It was a long and slow weekend aboard Bosco last week. We didn’t even realize that labor day was upon us (is it September already?!?!). Not much work to be accomplished. Actually its been hard for Jake and I to find things to do. We are so ready to get back to the sailing grind and travel is in our veins now. We need our fix!
Instead, we are sitting ducks for the moment. There are a slew of boat projects in the works: new solar and wind generators, a reinforced bimini with custom roof-rack mount, new batteries, new sea frost refrigerator (and freezer!!!), canvas work, plumbing jobs, custom rain-catchment system, revised rigging, hull work and handfuls of minuscule things to make Bosco a completely revolutionized cruising boat. However, the project at the forefront is the engine.
After we learned that Bosco’s engine was in critical condition, we were more than slightly disappointed. Our wonderful mechanic, Greg (at Clancy’s Marina) said that it would be best if they could remove the engine completely in order to investigate further.
I was imagining a giant forklift, several cranes and pulleys and lots of people would be required to remove the beast from its hole. So when I saw a small yellow wheelbarrow and a simple chain pulley I was a little surprised. Greg and his crew had a system rigged in no time. A few minutes later they had the engine lifted out from the compartment (using the boom to swing it off the boat) and into the wheelbarrow. I think it took them about 20 minutes in total. Much less complicated than I imagined. It was clear these guys have done this more than a few times.
Once it was wheeled away, Jake and I spent some time de-greasing the compartment. It looked strange without the engine. It looked even weirder once we had it completely cleaned out (which didn’t take as long as I imagined). The compartment looked brand new by the time we were done with it.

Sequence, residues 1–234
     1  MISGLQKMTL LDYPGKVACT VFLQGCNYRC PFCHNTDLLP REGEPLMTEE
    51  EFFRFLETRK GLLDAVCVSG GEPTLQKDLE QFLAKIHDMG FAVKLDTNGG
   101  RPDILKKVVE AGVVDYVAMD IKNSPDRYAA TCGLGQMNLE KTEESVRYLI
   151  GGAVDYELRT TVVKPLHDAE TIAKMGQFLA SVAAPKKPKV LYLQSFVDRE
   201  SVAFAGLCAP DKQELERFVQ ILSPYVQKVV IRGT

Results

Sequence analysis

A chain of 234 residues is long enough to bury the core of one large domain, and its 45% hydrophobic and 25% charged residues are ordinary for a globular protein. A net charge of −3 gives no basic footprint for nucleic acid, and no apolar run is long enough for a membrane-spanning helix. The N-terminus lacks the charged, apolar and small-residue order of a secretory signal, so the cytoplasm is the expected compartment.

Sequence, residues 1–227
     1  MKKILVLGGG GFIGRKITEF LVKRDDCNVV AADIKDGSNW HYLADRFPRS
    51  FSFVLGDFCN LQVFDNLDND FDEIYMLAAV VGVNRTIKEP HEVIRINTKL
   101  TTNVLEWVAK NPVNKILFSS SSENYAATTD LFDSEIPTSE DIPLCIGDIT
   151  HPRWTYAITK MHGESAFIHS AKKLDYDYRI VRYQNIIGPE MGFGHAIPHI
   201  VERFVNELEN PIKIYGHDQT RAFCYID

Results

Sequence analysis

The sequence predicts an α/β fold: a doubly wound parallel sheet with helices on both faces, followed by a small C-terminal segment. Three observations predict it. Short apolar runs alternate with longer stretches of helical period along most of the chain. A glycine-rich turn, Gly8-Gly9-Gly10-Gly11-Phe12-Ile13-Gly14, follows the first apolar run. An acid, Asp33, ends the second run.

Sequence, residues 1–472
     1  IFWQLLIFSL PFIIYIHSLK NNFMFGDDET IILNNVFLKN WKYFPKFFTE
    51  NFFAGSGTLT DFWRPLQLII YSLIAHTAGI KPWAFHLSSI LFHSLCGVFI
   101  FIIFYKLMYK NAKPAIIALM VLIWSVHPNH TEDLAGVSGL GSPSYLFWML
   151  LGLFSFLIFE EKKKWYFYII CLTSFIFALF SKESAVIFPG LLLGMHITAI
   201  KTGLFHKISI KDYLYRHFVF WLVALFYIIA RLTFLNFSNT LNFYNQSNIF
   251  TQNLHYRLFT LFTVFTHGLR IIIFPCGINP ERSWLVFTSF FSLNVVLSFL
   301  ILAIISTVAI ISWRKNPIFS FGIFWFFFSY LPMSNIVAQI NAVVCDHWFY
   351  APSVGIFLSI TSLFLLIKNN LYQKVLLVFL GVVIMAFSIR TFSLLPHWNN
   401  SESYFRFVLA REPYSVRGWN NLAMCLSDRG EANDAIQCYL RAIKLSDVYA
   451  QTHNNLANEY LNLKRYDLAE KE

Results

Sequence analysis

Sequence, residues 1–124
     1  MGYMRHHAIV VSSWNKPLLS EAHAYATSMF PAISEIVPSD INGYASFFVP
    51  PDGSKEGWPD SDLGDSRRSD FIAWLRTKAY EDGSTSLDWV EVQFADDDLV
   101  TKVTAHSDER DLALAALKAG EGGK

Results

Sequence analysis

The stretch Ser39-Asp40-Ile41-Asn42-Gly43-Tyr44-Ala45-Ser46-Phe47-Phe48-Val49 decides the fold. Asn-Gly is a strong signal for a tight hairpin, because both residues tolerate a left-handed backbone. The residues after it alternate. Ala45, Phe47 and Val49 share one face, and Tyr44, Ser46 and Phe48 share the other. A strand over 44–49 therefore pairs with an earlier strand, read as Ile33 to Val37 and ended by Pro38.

We got “the call” today with the status: Among many other things the cylinder block is cracked. Several important fittings are completely rusted and the transmission will need replacing. Oh yeah and an engine mount broke (apparently had been for years). Basically in order to get it back in good condition would be a complete rebuild. Unfortunately that also means a VERY sizable investment that may only be able to go another few years tops. Doesn’t sound like we have a ton of options.
This news was not completely shocking to us. We figured our luck would run this course. I mean we already invested over 6 grand into the old one just to get it functional. Its hard not to feel stupid that we wasted so much money on a losing battle. It makes me wish we had the engine surveyed before we bought the boat, so we could have at the very least known these issues beforehand. Hindsight is 20/20.
So, the verdict is out. We have to buy a new engine. It does add great value to Bosco and even more to our piece of mind. I mean we have learned so much about the yanmar diesel engine and are very well equipped to take amazing care of the new one (since we already know all the things that can go wrong!). But of course it comes at a price. A very steep price. It will put a large dent in our travel budget. I can’t deny that we are both pretty disappointed that it has come to this.
We’re getting a new Yanmar Diesel. It will be a 29 HP which will be MUCH better than the old one, which was only 24 HP. It will also have a new alternator and transmission. I think both Jake and I will have a much better time knowing that we don’t have to worry about this one big thing anymore. We’ve had enough engine-worrying to last a lifetime and we’ve barely begun! 🙂